Finally… We were there!
We arrived in Ben Gurion at 3:20am on December 24 after an 8 hour flight which was thankfully uneventful. By 5am, we had cleared immigration and exited the airport with our rental car. We arrived in Jerusalem, our first destination, by 5:30am. I tried my luck calling the apartment owner to see if they would let us in but they confirmed that we not have the apartment before 1pm. Of course there was nothing else for us to do but to head to Old City and start the sightseeing. We parked in a lot outside Jaffa Gate and headed straight to the Church of the Holy Sepulchre. It was a beautiful walk as the night sky went from black to dark purple to pasty orange at dawn. It was like we owned the place – other a few occasional runners – no people, no open shops or cafes – just a few friendly cats, early birds, and us. Finally a few cafes started to open – we sat at a Turkish café to have some coffee and juice before finally entering the church.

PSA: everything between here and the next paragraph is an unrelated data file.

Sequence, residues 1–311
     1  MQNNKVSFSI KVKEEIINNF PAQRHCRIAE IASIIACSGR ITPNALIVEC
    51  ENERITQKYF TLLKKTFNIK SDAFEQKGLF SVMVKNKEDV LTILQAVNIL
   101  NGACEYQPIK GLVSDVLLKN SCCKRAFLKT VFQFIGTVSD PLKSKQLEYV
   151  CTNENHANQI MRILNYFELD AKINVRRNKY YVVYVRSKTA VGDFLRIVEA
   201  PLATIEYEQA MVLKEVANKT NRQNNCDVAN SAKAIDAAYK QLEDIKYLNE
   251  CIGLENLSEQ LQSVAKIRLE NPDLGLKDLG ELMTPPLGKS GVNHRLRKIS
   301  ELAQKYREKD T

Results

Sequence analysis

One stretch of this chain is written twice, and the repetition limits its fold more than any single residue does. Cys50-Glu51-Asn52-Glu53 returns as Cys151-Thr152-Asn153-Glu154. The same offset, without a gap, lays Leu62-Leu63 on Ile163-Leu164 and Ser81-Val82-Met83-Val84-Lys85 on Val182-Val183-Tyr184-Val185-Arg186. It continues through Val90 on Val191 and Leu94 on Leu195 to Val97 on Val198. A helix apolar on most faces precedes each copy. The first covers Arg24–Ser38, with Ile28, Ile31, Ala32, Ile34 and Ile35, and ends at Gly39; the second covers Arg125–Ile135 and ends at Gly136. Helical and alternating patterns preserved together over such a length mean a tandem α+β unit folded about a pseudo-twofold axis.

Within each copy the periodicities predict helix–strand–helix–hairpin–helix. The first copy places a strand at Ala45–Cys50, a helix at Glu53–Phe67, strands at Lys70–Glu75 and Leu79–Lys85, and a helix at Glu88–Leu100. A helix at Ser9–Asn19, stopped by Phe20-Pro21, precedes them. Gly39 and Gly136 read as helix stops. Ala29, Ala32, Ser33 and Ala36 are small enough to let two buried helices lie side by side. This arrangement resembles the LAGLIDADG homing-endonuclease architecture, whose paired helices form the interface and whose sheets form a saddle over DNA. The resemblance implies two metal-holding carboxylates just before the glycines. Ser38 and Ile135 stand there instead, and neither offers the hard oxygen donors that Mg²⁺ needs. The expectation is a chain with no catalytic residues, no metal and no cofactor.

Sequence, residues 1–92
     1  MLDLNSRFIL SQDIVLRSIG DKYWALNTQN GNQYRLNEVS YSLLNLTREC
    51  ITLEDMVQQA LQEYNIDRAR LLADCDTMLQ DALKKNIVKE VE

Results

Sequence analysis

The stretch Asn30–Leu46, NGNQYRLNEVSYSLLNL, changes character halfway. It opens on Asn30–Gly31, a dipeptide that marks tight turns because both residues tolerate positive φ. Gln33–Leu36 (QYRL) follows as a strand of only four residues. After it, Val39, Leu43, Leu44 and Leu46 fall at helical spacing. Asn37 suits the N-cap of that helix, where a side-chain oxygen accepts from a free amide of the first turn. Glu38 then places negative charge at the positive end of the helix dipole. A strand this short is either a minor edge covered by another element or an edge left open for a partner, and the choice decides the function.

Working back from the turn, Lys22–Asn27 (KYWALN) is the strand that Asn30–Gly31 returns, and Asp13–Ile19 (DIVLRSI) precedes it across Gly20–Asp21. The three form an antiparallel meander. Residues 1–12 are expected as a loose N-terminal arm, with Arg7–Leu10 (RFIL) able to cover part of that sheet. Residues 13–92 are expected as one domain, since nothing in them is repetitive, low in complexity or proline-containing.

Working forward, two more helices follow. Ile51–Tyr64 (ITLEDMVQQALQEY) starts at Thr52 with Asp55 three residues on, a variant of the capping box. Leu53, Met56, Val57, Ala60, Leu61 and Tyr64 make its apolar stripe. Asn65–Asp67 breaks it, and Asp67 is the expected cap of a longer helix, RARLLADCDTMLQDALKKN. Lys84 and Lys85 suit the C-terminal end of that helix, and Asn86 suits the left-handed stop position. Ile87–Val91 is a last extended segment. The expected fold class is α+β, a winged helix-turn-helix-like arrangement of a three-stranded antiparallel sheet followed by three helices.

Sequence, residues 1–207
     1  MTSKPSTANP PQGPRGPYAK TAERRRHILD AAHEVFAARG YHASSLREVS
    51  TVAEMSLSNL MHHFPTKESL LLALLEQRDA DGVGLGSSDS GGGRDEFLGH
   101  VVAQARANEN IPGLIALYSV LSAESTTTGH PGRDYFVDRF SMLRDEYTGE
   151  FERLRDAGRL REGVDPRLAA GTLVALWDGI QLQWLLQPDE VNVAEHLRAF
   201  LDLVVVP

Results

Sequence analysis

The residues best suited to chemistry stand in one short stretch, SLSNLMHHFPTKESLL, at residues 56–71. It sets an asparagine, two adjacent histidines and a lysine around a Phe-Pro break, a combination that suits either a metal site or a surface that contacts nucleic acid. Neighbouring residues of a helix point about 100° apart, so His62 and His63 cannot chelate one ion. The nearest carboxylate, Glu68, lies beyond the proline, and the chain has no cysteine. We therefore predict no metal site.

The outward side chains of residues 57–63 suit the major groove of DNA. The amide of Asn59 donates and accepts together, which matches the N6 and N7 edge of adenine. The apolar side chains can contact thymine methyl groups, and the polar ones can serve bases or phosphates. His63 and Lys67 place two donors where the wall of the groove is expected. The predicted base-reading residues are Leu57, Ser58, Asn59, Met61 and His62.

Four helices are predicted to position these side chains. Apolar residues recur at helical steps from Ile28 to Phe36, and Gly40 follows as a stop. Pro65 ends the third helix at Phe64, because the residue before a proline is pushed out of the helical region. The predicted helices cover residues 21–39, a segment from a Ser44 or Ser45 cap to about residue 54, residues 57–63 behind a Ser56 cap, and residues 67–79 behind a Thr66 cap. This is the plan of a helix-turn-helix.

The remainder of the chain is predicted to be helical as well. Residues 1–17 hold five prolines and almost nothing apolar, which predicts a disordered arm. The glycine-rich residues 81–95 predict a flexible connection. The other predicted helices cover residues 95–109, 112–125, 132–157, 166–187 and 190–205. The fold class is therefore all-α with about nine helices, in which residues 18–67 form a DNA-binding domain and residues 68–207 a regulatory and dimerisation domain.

Jerusalem over Christmas
What we experienced next was surreal. It was a special Christmas prayer at the Church of Holy Sepulchre – which is where Jesus is said to have been crucified and resurrected. The priests conducted special prayers, chanted in unison, and performed holy rituals. It was a feeling both eerie and surreal at once as nuns moaned in statue like poses in all corners of the church as the rituals went on. Finally, (someone who seemed to be) the head-priest arrived in grand black and golden robes, followed by a procession of similarly dressed priests and then devout followers who chanted prayers as well. There was something about the whole experience that made even non-Christians like my family feel a sense of awe and spiritual connection with the Divine.